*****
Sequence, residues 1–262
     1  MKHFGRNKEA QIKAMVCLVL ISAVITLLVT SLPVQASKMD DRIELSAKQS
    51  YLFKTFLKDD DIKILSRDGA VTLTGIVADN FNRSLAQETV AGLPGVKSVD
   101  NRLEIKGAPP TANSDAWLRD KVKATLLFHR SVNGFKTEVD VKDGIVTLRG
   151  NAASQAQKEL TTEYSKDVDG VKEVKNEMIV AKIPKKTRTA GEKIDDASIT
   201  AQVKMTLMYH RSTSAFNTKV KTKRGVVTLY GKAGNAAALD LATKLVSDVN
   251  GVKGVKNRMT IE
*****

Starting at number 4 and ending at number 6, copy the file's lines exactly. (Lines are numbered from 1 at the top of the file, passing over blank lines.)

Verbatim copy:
   101  NRLEIKGAPP TANSDAWLRD KVKATLLFHR SVNGFKTEVD VKDGIVTLRG
   151  NAASQAQKEL TTEYSKDVDG VKEVKNEMIV AKIPKKTRTA GEKIDDASIT
   201  AQVKMTLMYH RSTSAFNTKV KTKRGVVTLY GKAGNAAALD LATKLVSDVN